On the other hand, should step S705 determine that the target grid point has eccentric neighbors, then flow branches to steps S714 through S716 so as to modify all neighbors of the eccentric point. Specifically, and as explained previously, entries at all grid points adjacent to the eccentric point (adjacent in the sense of the actual interpolation technique with which the fully regularized LUT will ultimately be used) are modified so that with interpolation of the neighbors, a resulting value of interpolation will yield the exact empirical measurement for the eccentric point even though such empirical measurement is not actually stored anywhere in the LUT.

Moreover, step S714 computes weights for the neighbors using the interpolation algorithm's distance metric. Those weights, and the entries at the neighboring points, are used to re-compute entries for all neighboring grid points. For example in a case where the entries are in device independent coordinates in L*a*b* space, the distance metric is measured as ΔL*Δa*Δb*. Weights based on these distances are calculated, and thereafter normalized so that the sum of the weights will be one. Then, for each of the neighbors, and for each of ΔL*, Δa* and Δb*, normalized weights are applied so as to re-compute entries for all neighboring grid points. Thereafter, the re-computed entries are stored (step S716).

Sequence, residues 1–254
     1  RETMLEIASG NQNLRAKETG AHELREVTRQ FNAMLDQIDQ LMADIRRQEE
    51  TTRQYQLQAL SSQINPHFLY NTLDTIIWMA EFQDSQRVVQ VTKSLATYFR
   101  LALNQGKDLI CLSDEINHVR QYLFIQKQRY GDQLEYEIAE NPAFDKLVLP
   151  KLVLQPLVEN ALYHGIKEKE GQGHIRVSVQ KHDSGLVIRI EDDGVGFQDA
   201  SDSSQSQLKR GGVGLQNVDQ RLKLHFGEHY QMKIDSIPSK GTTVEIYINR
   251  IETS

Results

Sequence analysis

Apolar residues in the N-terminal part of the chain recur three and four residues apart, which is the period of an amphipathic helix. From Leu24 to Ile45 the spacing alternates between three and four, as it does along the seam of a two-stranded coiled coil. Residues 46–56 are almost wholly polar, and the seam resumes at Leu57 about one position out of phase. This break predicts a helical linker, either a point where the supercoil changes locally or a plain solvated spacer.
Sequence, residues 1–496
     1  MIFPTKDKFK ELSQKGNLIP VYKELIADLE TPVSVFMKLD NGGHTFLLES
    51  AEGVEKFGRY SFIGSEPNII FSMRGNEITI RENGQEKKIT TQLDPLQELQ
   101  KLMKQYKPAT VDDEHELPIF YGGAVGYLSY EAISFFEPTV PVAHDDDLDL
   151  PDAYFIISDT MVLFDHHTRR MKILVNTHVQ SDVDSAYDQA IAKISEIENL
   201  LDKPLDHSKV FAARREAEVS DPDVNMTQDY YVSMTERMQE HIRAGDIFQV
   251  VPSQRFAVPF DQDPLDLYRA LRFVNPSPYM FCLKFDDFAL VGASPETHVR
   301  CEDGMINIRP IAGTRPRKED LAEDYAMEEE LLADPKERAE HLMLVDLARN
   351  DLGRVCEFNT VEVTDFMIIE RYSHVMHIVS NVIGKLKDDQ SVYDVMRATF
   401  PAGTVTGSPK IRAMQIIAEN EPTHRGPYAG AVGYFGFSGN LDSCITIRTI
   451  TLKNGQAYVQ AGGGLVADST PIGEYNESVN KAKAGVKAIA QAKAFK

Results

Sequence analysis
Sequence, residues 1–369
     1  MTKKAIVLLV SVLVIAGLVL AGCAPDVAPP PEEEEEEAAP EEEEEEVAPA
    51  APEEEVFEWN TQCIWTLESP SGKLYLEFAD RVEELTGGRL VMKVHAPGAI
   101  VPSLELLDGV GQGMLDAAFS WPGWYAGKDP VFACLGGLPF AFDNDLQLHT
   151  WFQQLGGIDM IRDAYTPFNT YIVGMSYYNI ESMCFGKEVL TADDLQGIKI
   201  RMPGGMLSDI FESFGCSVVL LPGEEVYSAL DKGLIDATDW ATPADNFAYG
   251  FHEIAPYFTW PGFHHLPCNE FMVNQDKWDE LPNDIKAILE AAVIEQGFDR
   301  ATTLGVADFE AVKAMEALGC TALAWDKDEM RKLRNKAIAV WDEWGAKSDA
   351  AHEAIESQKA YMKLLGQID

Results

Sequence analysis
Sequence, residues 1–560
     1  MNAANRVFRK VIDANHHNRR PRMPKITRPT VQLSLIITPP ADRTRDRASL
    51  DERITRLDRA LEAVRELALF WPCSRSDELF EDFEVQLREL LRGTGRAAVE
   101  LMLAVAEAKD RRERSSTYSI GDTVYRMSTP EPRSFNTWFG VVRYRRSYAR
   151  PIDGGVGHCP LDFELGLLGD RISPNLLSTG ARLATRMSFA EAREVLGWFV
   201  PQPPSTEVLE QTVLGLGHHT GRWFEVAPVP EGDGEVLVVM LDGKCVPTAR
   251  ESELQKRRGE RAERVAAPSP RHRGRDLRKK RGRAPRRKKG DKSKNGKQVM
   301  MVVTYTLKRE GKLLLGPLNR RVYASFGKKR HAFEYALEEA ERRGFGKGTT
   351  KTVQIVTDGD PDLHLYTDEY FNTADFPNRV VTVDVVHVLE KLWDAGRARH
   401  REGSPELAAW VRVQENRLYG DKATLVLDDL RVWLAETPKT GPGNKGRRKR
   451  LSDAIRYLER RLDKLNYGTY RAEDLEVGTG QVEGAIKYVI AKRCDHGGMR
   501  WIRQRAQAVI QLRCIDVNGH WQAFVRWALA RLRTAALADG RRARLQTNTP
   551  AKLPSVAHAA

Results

By virtue of the foregoing, it will be appreciated that a fully regularized LUT is generated, which properly compensates for empirical measurements of eccentric points, while at the same time maintaining a LUT whose size is practicable from the standpoint of today's computing equipment.

The invention has been described with respect to particular illustrative embodiments. It is to be understood that the invention is not limited to the above described embodiments and that various changes and modifications may be made by those of ordinary skill in the art without departing from the spirit and scope of the invention.

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Classifications
U.S. Classification358/524, 358/530, 358/522, 358/523
International ClassificationG06K15/02, G06T1/00, H04N1/46, H04N1/60
Cooperative ClassificationH04N1/6033, H04N1/6025, G06K2215/0094, G06K15/02
European ClassificationH04N1/60F2, G06K15/02, H04N1/60D3B